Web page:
541 Cooling an arid city using irrigated vegetation: Assessing the energy-water trade-off with the latest WRF-urban canopy model

Thursday, 14 January 2016
Zhihua Wang, Arizona State University, Tempe, AZ; and J. Yang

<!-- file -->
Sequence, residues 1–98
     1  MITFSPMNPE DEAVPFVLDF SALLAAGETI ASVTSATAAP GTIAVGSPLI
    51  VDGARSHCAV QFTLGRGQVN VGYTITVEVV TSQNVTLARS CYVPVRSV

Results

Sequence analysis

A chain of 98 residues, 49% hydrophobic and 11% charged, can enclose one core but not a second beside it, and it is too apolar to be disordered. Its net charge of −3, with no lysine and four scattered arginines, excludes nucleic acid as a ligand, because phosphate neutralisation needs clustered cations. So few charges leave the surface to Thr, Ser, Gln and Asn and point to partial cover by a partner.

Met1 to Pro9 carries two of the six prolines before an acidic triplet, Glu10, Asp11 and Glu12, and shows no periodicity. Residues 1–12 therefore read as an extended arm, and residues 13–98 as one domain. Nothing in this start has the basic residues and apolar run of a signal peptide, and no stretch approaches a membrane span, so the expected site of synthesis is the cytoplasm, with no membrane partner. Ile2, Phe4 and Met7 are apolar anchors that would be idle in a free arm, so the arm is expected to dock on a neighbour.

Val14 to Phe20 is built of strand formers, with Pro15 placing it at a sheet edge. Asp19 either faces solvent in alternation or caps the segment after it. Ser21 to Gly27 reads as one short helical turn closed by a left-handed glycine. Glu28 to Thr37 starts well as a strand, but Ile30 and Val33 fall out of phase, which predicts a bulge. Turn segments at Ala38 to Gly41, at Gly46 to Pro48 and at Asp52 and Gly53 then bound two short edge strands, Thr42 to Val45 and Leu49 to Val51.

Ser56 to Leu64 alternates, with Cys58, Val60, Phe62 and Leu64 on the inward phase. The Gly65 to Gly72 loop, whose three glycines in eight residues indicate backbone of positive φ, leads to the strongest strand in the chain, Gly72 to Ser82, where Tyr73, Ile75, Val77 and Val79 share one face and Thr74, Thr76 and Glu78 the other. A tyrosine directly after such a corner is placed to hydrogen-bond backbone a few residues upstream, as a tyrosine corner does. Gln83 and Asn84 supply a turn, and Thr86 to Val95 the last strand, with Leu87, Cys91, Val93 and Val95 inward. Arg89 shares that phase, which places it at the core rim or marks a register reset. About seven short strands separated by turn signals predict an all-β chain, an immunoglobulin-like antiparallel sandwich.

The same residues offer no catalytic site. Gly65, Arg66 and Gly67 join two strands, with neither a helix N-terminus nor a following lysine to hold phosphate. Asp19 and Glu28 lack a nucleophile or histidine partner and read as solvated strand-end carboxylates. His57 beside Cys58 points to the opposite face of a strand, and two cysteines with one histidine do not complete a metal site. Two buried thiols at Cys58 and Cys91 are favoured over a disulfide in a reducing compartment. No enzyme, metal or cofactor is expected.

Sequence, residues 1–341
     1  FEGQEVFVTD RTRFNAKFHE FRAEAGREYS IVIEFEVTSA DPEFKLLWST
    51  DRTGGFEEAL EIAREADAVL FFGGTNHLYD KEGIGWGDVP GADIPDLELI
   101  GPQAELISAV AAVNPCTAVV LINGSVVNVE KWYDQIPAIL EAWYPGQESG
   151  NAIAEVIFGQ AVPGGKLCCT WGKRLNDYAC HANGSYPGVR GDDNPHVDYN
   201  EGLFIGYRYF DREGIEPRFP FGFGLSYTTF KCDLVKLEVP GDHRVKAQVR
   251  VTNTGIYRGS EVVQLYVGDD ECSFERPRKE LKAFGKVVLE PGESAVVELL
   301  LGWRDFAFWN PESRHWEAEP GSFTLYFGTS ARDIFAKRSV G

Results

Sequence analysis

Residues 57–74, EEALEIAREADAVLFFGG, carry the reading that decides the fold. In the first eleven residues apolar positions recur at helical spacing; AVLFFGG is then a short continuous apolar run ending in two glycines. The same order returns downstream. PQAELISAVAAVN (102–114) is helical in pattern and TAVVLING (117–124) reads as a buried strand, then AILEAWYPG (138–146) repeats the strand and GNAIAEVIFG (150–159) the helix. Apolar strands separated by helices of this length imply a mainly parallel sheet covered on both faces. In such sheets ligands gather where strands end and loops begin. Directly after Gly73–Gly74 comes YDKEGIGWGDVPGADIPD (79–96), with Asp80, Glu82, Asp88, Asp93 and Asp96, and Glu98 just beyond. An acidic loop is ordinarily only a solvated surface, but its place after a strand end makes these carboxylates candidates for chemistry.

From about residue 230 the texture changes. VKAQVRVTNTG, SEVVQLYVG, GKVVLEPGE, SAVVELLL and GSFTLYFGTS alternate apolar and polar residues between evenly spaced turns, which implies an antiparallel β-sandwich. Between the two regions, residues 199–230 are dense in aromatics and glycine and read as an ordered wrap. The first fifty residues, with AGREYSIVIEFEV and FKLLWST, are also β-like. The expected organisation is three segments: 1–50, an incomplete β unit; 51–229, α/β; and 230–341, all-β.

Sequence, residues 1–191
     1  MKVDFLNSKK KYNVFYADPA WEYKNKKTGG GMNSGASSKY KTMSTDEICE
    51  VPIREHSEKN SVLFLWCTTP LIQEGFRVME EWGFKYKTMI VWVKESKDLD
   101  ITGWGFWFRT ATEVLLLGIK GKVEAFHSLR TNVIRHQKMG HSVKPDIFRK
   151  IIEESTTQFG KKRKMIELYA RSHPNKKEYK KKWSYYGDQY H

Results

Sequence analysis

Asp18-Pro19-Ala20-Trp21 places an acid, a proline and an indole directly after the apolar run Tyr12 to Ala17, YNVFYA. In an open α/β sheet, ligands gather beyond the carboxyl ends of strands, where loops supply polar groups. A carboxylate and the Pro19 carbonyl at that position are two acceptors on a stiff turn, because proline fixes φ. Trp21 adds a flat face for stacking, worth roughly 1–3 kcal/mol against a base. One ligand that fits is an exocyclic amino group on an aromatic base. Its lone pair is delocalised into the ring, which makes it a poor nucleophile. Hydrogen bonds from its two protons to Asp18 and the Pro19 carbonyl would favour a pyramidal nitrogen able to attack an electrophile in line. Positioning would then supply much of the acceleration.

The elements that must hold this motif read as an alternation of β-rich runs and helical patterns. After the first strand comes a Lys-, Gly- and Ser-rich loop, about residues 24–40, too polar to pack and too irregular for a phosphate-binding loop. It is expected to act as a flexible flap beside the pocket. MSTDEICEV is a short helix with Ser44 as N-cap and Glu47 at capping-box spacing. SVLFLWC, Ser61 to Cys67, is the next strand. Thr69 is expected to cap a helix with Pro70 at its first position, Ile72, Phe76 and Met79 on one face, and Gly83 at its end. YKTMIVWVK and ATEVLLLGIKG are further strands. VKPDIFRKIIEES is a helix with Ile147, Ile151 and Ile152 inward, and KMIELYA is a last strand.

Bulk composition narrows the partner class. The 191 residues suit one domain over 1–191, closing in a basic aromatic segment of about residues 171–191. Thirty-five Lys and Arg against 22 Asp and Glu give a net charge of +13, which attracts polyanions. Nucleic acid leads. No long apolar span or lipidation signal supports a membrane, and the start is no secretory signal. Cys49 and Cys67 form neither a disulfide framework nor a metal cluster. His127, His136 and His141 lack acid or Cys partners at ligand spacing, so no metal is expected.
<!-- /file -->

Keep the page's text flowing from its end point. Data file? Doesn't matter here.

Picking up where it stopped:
Faithful representation of hydrological processes in urban areas has been a challenge to urban hydroclimate modelers and practitioners. Recently, we have developed and implemented an improved urban canopy model (UCM) in the newly released WRF-ARW v3.7. The new WRF-UCM framework incorporates enhanced modeling of hydrological processes in a built environment, including (1) anthropogenic latent heat, (2) urban irrigation, (3) evaporation over water-holding engineered pavements, (4) urban oasis effect, and (5) green roof systems. It thus enables us, in particular, to assess green urban infrastructure as sustainability solution for, e.g. mitigating urban heat island (UHI) effect and improving building energy efficiency. In this study, we apply the new WRF-UCM to investigate the impact of urban vegetation, viz. green roofs and lawns with irrigation, on local and regional hydroclimate. Offline case studies show that green roof is capable of reducing urban surface temperature and sensible heat flux effectively, and modifying local and regional hydroclimate throughout the year. Online simulations in the WRF platform with nested schemes are evaluated against field observations in Phoenix and Houston metropolitan areas. Results indicate that model performance, especially with respect to the moisture dynamics, is significantly improved. In addition, adopting the new WRF-UCM, we devise a measure of energy-water trade-off to evaluate the environmental sustainability of different irrigation schemes of urban lawns, and their impact on human thermal comfort as well as building energy efficiency. It is found that that a well-designed soil-temperature-controlled irrigation scheme has a great potential in saving building energy consumption in an annual scale, with a combined saving up to $2.5 per square meter wall area per month. In addition, smart irrigation scheme can substantially enhance outdoor thermal comfort of pedestrians in hot seasons, leading to potentially attractive sustainability solutions for UHI mitigation.
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